In an embodiment, an electrical connector is provided comprising a contact including a planar blade portion having a contact pin attached at a first end perpendicular to the blade portion and a solder pad mounted at a second end of the blade portion and the first end being tapered from the second end. The electrical connector may include the contact blade being mounted to the electrical connector so that it is flush and parallel to the base of the electrical connector. The electrical connector may include a base having multiple contacts mounted thereto having the contact pins inserted therein forming a circular pattern on the base. The electrical connector may include contact receptacles mounted therein arranged in a circular pattern corresponding to the contact pins.
In an embodiment, a method of assembling an electrical connector is provided comprising the steps of molding an electrical connector housing having an opening and insert molding contact receptacles within the housing, inserting a contact carrier within the opening, forming contacts having a planar blade portion and a contact pin perpendicular to the blade portion, inserting the contact pin of the contact within the contact carrier and into a corresponding contact receptacle and arranging the contact blade so that it lies flush and parallel to the base of the electrical connector. The electrical connector may be mounted to a substrate by placing the contact blades over a conductive trace on a substrate and the contact blades having solder pads and applying heat to the solder pads in order to reflow the solder to connect to the conductive traces of the substrate.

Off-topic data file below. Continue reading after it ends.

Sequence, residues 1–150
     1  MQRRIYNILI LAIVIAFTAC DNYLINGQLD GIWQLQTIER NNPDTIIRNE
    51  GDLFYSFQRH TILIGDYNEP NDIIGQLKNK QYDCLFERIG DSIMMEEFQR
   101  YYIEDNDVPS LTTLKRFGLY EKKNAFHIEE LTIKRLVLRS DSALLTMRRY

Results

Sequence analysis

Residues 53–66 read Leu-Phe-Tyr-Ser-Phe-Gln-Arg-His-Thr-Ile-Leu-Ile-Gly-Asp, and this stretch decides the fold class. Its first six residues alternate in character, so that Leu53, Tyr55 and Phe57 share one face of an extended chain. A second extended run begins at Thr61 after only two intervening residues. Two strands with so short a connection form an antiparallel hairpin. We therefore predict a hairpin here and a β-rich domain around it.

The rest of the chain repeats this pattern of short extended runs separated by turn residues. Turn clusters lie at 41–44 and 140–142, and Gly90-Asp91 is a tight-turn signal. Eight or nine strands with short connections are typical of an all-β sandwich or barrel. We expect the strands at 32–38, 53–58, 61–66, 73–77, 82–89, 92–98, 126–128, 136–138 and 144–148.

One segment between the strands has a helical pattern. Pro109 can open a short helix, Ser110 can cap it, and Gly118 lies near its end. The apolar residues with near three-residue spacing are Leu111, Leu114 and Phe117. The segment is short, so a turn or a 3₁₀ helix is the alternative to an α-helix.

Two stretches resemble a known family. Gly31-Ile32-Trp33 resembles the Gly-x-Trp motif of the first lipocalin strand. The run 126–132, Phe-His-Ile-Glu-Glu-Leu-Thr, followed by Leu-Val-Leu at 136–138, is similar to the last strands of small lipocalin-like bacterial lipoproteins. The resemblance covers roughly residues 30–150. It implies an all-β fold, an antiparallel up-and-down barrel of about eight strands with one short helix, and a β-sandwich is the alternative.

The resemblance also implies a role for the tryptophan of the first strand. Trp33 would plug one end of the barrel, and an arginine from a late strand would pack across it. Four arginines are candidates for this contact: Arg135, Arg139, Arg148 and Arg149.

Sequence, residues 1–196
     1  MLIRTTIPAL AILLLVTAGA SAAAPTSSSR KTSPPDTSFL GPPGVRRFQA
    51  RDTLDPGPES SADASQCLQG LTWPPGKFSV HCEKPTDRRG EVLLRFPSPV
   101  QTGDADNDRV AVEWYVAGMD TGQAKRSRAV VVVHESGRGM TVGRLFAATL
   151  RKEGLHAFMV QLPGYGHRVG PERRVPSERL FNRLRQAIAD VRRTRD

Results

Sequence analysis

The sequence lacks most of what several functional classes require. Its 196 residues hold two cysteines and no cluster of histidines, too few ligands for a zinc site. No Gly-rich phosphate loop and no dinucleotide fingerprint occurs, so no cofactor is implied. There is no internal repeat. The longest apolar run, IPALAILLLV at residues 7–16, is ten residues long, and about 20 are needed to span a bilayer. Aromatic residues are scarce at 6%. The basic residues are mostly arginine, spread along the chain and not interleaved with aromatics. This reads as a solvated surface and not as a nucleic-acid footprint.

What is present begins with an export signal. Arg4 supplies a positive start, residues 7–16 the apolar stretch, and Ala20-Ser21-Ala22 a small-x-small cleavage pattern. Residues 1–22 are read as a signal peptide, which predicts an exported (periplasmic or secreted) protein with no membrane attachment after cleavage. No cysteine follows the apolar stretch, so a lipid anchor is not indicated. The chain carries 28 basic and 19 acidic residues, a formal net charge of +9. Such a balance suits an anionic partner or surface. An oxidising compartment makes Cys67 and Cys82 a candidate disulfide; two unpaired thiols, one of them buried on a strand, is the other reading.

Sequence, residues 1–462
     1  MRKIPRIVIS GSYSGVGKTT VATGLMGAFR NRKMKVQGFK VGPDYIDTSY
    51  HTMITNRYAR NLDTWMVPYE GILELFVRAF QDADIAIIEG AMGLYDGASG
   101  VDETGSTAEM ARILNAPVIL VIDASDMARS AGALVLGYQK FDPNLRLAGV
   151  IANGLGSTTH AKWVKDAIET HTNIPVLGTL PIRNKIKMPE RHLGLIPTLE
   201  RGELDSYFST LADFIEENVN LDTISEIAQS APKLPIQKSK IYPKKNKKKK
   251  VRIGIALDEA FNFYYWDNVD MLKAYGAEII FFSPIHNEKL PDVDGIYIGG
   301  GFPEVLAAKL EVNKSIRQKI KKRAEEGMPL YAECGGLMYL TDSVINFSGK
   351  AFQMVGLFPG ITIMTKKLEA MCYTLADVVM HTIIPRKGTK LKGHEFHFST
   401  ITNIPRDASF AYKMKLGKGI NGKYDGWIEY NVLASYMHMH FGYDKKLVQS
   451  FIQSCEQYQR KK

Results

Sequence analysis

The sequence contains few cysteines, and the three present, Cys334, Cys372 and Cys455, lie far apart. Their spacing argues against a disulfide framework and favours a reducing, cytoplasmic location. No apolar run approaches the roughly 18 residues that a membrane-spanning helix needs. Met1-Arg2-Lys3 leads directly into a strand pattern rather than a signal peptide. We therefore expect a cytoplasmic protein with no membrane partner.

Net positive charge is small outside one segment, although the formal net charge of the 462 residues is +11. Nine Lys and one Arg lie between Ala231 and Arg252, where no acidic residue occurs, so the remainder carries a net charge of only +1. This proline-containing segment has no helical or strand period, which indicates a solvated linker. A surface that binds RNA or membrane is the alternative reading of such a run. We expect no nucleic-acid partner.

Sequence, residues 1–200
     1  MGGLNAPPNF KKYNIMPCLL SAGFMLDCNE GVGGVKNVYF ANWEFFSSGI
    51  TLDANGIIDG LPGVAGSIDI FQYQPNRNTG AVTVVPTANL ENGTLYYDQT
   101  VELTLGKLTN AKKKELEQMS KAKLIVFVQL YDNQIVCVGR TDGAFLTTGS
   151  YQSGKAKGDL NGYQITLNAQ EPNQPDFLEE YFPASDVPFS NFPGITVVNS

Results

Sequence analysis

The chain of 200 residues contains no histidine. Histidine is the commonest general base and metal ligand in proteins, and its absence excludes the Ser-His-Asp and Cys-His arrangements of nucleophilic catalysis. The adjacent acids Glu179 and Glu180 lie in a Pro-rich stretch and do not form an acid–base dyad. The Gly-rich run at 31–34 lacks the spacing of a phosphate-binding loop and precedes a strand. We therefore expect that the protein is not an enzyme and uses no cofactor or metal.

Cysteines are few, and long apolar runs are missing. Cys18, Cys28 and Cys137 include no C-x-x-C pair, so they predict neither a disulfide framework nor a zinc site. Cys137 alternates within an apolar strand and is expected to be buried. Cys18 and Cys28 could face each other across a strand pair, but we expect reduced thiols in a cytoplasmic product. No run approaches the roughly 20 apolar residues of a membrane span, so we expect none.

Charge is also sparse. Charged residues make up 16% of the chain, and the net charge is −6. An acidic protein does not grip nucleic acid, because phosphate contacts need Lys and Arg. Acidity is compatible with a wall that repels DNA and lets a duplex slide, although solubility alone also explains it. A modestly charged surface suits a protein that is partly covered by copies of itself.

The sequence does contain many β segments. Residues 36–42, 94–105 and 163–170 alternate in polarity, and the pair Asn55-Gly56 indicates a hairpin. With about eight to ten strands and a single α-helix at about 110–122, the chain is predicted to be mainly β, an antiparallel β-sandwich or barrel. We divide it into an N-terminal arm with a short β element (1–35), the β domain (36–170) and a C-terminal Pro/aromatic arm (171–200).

These and other features of the invention are set forth, below in the following detailed description of the presently preferred embodiments.
FIG. 1 is a side cut-away view of the connector of the present invention;
FIG. 2 is a plan view of the bottom of the connector of the present invention; and
FIG. 3 is a side elevation view of the a contact of the connector of the present invention.
The invention is best understood with reference to FIGS. 1-3. FIG. 1 is a side elevation view partially cut-away of the electrical connector 10 of the present invention having a housing 20. In a preferred embodiment, the housing 20 is molded of a PVC material and integrally molded with the housing is a strain relief boot 25 for receiving electrical cables 26, 27. In a preferred embodiment, cable 26 is a coaxial cable and cable 27 is a discrete wire. The cables 26, 27 fan out within the housing 20 of the connector 10 and connect to individual contact receptacles 31, 32, 33. Each wire or conductor of the cables 26, 27 is mated to an individual contact receptacle 31, 32, 33. This view shows three contact receptacles 31, 32, 33, however, any number of wires and contact receptacles may be accommodated by the present invention.